Mugabe, Rival OK Talks On Unity Government

Zimbabwean President Robert Mugabe and opposition leader Morgan Tsvangirai have signed a deal paving the way for talks on a unity government. The breakthrough came after South Africa's leader pledged to work closely with the U.N. and the African Union.

Copyright © 2008 NPR. For personal, noncommercial use only. See Terms of Use. For other uses, prior permission required.

ROBERT SIEGEL, host:

In Zimbabwe today, a development that could lead to the end of a political crisis. President Robert Mugabe and opposition leader Morgan Tsvangirai have signed a deal to set the terms for formal talks, and they've agreed to start talking. Those negotiations would be aimed at creating a power-sharing government.

It was the first time in a decade that the two men have met face to face. The recent presidential race between the two involved brutal attacks, largely by Mugabe supporters, and the killings of dozens of people working for the opposition. NPR's Ofeibea Quist-Arcton is following this story and joins us now.

And Ofeibea, what agreement exactly did Mugabe and Tsvangirai sign?

OFEIBEA QUIST-ARCTON: They've agreed to hold formal talks, negotiations that everybody hopes will lead to the end to the crisis in Zimbabwe, and we're talking a post-electoral crisis, we're talking about weeks of violence, we're talking about an economic crisis and a political crisis that have lasted even longer.

The two men, as you said in your introduction, Robert, have finally met. It's been 10 years since Robert Mugabe and Morgan Tsvangirai even sat down to talk, so that in itself is a significant first move, but this is an agreement to hold talks.

SIEGEL: Now, there are words that figure in, news accounts of this agreement, some kind of power-sharing government, talking about an election. Is the idea now that Tsvangirai and Mugabe are supposed to agree to the terms for a new presidential election?

I think it's too early to be able to say any of that, Robert. Nobody is giving those details because of course Morgan Tsvangirai says he won the election. He says that the first round of the election in March, which he won, is what everybody should agree to.

President Robert Mugabe, who went ahead and held a presidential runoff as the sole candidate, says he is the duly re-elected leader of Zimbabwe. So they disagree on that point, and up till now the mediators have been trying to get the two together, but since both says they are the president of Zimbabwe, that hasn't happened.

So these are the sorts of negotiations that are going to take place. We don't know whether there will be a fresh election. We don't know whether there will be agreement to have a transition leading to fresh elections, and we don't know who will head that transition. The next two weeks, I think, will decide what happens in Zimbabwe.

SIEGEL: Ofeibea, talk a little bit about the role of South African President Thabo Mbeki here in brokering this agreement. He had been criticized by supporters of Morgan Tsvangirai for being overly deferential to President Mugabe and to being pro-Mugabe, and yet he seems to have pulled it off.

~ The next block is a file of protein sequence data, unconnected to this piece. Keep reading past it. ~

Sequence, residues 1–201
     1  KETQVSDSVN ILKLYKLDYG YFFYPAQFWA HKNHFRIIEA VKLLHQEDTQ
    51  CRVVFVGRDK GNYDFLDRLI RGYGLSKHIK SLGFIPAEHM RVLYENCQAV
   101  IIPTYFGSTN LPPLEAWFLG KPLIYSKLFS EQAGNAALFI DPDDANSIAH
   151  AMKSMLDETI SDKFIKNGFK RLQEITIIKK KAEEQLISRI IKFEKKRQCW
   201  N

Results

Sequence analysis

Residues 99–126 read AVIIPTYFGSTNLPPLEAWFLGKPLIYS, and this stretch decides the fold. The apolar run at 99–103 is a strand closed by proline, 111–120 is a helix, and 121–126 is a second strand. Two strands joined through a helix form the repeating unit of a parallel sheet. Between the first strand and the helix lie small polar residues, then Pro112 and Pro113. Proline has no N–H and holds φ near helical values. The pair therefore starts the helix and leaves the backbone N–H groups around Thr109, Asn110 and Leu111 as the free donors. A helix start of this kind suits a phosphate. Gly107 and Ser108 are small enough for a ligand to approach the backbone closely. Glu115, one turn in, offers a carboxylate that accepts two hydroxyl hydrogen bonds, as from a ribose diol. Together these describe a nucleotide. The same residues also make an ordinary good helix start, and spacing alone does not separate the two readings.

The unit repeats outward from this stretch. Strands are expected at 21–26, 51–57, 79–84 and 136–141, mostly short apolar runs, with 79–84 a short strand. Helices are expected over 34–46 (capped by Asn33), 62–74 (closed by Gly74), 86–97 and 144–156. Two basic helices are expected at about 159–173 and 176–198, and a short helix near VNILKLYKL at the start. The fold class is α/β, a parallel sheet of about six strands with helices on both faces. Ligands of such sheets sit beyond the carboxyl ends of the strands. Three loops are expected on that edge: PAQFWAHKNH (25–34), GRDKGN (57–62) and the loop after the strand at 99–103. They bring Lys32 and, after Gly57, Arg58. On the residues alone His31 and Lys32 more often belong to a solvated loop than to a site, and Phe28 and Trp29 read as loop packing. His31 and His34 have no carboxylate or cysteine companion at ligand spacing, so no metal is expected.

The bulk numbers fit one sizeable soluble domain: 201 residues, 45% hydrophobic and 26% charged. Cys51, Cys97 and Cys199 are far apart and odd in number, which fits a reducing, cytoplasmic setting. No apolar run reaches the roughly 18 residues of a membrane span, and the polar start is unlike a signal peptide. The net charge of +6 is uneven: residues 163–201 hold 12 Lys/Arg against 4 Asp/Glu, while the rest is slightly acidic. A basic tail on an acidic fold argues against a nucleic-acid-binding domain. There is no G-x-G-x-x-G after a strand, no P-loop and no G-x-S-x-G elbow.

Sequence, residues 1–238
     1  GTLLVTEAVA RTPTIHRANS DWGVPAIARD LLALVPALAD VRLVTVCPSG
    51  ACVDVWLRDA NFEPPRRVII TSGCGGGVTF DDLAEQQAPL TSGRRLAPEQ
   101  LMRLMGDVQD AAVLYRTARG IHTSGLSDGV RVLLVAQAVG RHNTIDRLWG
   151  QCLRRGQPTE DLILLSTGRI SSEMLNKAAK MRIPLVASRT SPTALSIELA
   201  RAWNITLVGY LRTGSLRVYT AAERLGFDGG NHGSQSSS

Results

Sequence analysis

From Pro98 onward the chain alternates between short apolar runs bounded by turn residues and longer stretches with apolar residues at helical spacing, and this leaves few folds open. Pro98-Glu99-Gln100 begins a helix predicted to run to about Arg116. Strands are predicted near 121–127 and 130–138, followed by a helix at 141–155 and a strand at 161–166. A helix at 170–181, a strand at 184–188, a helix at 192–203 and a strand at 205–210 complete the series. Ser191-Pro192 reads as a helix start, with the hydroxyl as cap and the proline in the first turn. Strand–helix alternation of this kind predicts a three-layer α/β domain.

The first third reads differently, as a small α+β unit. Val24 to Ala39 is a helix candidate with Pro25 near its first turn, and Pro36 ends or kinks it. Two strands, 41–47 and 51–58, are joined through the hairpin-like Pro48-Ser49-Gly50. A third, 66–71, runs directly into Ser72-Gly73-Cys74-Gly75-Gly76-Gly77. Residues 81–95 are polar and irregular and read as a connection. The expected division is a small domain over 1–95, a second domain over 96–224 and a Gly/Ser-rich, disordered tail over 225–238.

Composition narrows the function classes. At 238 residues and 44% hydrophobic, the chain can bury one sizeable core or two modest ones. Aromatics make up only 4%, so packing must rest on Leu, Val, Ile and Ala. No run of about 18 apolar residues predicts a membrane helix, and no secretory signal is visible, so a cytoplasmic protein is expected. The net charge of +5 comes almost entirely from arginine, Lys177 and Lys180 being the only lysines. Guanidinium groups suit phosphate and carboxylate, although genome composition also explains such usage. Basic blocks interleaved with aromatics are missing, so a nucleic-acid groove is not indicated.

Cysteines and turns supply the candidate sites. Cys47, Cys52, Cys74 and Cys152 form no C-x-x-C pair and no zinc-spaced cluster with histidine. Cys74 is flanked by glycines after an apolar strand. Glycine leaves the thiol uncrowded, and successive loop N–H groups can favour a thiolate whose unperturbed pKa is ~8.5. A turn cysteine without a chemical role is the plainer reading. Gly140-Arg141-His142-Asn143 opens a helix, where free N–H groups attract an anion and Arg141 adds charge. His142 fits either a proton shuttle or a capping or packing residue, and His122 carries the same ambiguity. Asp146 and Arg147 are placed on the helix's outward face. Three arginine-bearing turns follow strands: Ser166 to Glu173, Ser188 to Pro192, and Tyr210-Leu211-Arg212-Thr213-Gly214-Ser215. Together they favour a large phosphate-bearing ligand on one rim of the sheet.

QUIST-ARCTON: Not on his own. I have to say here that, Robert, the opposition, Morgan Tsvangirai, is very unhappy with Thabo Mbeki as the sole mediator. So the mediation team has been enhanced by a representative from the African Union and also one from the United Nations, Haile Menkerios, and that is what the opposition has been calling for.

So although Thabo Mbeki remains as a chief mediator mandated by the Southern African Development Community, which is the regional community, he is now not deciding things on his own, and I guess this is why the opposition has agreed to these talks.

Many people have said the approach of the South African president, the softly, softly quiet diplomacy with Robert Mugabe for this crisis in Zimbabwe, has been a failure. Yes, elections happened, but look what happened after the elections.

So I think the fact that it's an expanded mediation team can only be more promising for negotiations.

SIEGEL: NPR correspondent Ofeibea Quist-Arcton. Thank you, Ofeibea.

QUIST-ARCTON: Always a pleasure.

Copyright © 2008 NPR. All rights reserved. No quotes from the materials contained herein may be used in any media without attribution to NPR. This transcript is provided for personal, noncommercial use only, pursuant to our Terms of Use. Any other use requires NPR's prior permission. Visit our permissions page for further information.

NPR transcripts are created on a rush deadline by a contractor for NPR, and accuracy and availability may vary. This text may not be in its final form and may be updated or revised in the future. Please be aware that the authoritative record of NPR's programming is the audio.

Comments

 

Please keep your community civil. All comments must follow the NPR.org Community rules and terms of use, and will be moderated prior to posting. NPR reserves the right to use the comments we receive, in whole or in part, and to use the commenter's name and location, in any medium. See also the Terms of Use, Privacy Policy and Community FAQ.